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Businesses

Submission + - Why Moore's Law, not mobility, is killing the PC (networkworld.com)

concealment writes: "After watching my mother-in-law happily troll Facebook and sling emails on her nearly ten-year-old Pentium 4 computer, however, an even more insidious possibility slipped into my head.

Did CPU performance reach a "good enough" level for mainstream users some years back? Are older computers still potent enough to complete an average Joe's everyday tasks, reducing the incentive to upgrade?

"It used to be you had to replace your PC every few years or you were way behind. If you didn't, you couldn't even run the latest software," says Linley Gwennap, the principal analyst at the Linley Group, a research firm that focuses on semiconductors and processors. "Now you can hold onto your PC five, six, seven years with no problem. Yeah, it might be a little slow, but not enough to really show up [in everyday use].""

Intel

Submission + - How Intel's faith in x86 cost it the mobile market (theregister.co.uk)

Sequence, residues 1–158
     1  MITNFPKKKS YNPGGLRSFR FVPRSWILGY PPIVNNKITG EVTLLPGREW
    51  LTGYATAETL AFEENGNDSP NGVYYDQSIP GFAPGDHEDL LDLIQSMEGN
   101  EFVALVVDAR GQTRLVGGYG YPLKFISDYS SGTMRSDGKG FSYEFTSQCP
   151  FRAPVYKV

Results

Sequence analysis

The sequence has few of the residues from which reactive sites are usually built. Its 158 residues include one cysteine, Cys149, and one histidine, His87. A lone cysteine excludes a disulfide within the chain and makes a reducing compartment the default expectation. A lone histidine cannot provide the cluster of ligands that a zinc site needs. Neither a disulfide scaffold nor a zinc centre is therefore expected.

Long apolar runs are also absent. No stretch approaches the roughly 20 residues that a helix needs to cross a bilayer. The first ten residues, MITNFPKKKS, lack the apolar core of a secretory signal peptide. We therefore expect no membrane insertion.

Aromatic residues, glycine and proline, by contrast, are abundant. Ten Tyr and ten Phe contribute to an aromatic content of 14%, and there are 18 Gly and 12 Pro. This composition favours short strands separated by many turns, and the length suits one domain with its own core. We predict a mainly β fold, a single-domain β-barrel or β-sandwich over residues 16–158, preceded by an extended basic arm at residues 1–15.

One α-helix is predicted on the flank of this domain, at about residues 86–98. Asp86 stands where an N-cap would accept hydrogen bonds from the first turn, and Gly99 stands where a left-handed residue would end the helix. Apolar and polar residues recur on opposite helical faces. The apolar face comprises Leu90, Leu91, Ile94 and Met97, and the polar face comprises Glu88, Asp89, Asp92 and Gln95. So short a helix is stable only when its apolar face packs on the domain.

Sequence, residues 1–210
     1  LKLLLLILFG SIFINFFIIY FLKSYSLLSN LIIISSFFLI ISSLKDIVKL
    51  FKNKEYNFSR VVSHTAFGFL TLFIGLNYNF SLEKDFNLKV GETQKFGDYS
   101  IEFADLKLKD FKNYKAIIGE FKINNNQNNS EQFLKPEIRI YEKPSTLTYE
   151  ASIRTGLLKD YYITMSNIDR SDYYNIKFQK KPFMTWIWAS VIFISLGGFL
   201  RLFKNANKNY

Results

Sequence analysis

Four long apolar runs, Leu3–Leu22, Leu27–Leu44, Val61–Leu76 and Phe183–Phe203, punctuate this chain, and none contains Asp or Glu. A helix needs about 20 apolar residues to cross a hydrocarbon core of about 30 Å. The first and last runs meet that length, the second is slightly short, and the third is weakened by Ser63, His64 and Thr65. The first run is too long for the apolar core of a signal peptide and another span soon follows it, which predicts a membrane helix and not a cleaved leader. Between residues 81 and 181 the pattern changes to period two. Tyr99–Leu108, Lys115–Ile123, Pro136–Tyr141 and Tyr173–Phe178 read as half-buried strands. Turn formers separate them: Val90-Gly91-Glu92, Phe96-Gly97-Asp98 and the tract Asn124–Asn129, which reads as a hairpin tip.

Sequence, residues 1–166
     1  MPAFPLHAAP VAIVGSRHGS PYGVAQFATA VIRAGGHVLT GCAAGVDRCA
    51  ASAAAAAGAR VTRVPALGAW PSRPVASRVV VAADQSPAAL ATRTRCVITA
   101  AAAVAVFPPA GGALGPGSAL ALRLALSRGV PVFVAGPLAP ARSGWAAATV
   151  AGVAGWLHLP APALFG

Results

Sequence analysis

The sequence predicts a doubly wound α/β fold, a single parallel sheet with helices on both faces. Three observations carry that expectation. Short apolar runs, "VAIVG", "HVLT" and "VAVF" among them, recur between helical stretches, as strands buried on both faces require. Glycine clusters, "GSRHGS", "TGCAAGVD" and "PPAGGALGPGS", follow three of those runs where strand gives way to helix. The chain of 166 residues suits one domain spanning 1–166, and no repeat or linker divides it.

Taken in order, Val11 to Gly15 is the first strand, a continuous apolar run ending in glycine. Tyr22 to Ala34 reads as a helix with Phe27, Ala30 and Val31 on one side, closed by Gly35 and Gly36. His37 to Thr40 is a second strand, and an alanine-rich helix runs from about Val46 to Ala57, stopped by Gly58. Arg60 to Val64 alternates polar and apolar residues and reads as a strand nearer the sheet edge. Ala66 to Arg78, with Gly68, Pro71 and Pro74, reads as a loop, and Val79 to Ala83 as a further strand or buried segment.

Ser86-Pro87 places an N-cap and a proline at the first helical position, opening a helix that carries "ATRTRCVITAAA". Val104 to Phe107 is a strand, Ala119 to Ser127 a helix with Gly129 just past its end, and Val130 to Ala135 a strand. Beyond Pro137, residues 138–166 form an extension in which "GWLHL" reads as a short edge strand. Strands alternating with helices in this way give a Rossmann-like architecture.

concealment writes: "Intel executives continue to claim that the key benefit of x86 is compatibility: with Windows and with the vast library of application software already coded for the platform. Otellini banked on buyers wanting to run that software on their mobile devices too.

May be they do, though there’s no real evidence to show that that’s the case. Certainly, users have exerted little pressure on makers of ARM-based mobile devices to develop x86-based versions that can run Windows and Windows apps. Yes, Microsoft is offering an x86 version of its Surface tablet, but that’s as much about Redmond playing all the angles as a firm sense that some folk don’t want an ARM-based Surface."

Businesses

Submission + - Apple Said to Be Exploring Switch From Intel for Mac (bloomberg.com)

concealment writes: "Apple Inc. (AAPL) is exploring ways to replace Intel Corp. (INTC) processors in its Mac personal computers with a version of the chip technology it uses in the iPhone and iPad, according to people familiar with the company’s research.

Apple engineers have grown confident that the chip designs used for its mobile devices will one day be powerful enough to run its desktops and laptops, said three people with knowledge of the work, who asked to remain anonymous because the plans are confidential. Apple began using Intel chips for Macs in 2005."

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